World & Nation

Afghan security concerns to ease after 2014, Karzai says

Afghan security concerns to ease after 2014, Karzai says
Indian Prime Minister Manmohan Singh, right, meets with Afghan President Hamid Karzai in New Delhi.
(Manoj Kumar / Press Information Bureau / AFP/Getty Images)

NEW DELHI -- Afghan security after the departure of foreign combat troops in 2014 will become easier because of the ill-advised, misdirected and often corrupt ways NATO and its contractors have pursued the “war on terror,” Afghan President Hamid Karzai told reporters in India on Wednesday.

U.S.-led foreign troops have targeted Afghan villagers, including the use of special forces on night raids, rather than focusing on the real source of terrorism: foreign insurgents mounting attacks from bases in neighboring Pakistan, he said.


“Withdrawing of their forces from Afghanistan will be good for us,” Karzai, dressed in a long black robe, said at a breakfast meeting in New Delhi with Indian and foreign journalists. “We believe there will be more peace in Afghanistan when they leave. We believe those attacking Afghanistan will find it hard to attack.”

Karzai’s sharp criticism of the United States in recent months -- even as he calls on Washington to supply more aid, training and equipment -- reflects efforts to shore up political support at home, analysts said. By distancing himself from unpopular foreign missteps, including the killing of civilians in NATO airstrikes, he  hopes to be seen as an Afghan nationalist and avoid looking like a Western pawn.


“He’s a complicated and complex customer,” said Rana Banerji, a retired Indian official and independent analyst. “This is a line that’s really not getting him anywhere.”

Karzai spoke at the end of a three-day trip during which he received an honorary doctorate from western India’s Lovely Professional University, touched base with Indian leaders, appealed for more aid and presented a request for military equipment and assistance from India. “It’s a wish list,” he said, when asked what it contained.

India has pledged greater support without providing details.

India and Afghanistan enjoy good relations and a shared wariness of Pakistan, which divides them geographically. India has funded $2 billion in Afghan infrastructure projects and trained hundreds of Afghan army officers and police. But its staff hostels, aid projects and embassy in Afghanistan have been bombed repeatedly by militants it believes are linked to Pakistan, reinforcing a reluctance to train or station troops on Afghan soil.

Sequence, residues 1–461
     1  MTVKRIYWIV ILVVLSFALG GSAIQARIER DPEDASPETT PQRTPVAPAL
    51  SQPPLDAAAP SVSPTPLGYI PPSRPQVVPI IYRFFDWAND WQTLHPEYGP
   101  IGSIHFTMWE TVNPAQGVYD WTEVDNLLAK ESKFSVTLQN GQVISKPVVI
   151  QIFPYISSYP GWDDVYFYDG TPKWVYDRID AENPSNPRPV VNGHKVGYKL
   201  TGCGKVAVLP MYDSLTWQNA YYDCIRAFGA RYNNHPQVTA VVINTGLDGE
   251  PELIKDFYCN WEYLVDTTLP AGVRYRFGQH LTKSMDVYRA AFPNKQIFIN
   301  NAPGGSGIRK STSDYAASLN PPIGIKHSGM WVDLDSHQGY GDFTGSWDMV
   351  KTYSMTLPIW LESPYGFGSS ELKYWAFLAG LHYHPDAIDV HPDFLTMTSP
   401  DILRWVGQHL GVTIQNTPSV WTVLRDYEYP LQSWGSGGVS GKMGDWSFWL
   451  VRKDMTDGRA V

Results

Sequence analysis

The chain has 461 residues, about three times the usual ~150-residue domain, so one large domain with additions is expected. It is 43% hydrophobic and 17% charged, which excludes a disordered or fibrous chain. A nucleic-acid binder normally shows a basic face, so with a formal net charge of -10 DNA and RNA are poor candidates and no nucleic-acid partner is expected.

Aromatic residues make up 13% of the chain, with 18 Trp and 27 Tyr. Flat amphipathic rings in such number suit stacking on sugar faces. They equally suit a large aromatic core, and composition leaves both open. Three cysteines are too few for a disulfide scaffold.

India isn’t likely to supply weapons to Afghanistan until the regional picture is clearer, said Vishal Chandra, a research fellow at New Delhi’s Institute for Defense Studies and Analyses. That includes U.S. strategic objectives after 2014, the outcome of Afghanistan’s upcoming election and what policy the new Pakistani government pursues following the electoral victory of Nawaz Sharif’s party.

Karzai tiptoed around the tricky shoals of regional diplomacy Wednesday. Afghanistan maintains longstanding relations with Iran and the United States as well as Pakistan and India despite their respective differences, he said, even as he expressed hope that Sharif would step up Pakistan’s battle against extremism.

“Pakistan has influence over the Taliban because they have residence there, to put it mildly,” he said. “It’s going to be a very cumbersome process for peace without Pakistan’s cooperation.”

Karzai’s meetings this week with Indian Prime Minister Manmohan Singh and President Pranab Mukherjee are part of a broader dance as regional powers maneuver for position in advance of NATO’s planned withdrawal. 


India’s $2 billion in aid was well spent, with every dollar accounted for, Karzai told reporters, in contrast to U.S. assistance. Western media have accused his government of entrenched corruption, but he said that graft is to be expected in a developing country that saw state institutions wiped out by three decades of war.

A distinction must be made between homegrown graft, which is relatively negligible, and deep-seated corruption linked to foreign contracts, he said.

“The problem is very faulty, very superficially awarded contracts by the West, especially the United States, which has brought lots of corruption, massive corruption,” he said. “If it were Denmark criticizing Afghanistan, I would say it was valid, or if it were Norway. But if the United States does it, I would simply laugh at it.”

Karzai did not address the case of Kabul Bank, from which nearly $1 billion was siphoned off for the benefit of a few individuals, including three of Karzai’s relatives, with no apparent Western link.

Karzai said that under no circumstance would he continue as president after 2014, when his second term expires.

“I’m exhausted, totally exhausted,” he said. “Secondly, why would I ruin my legacy by staying on. ... It’s not good for me, nor Afghanistan.”


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Tanvi Sharma in the Times’ New Delhi bureau contributed to this report.

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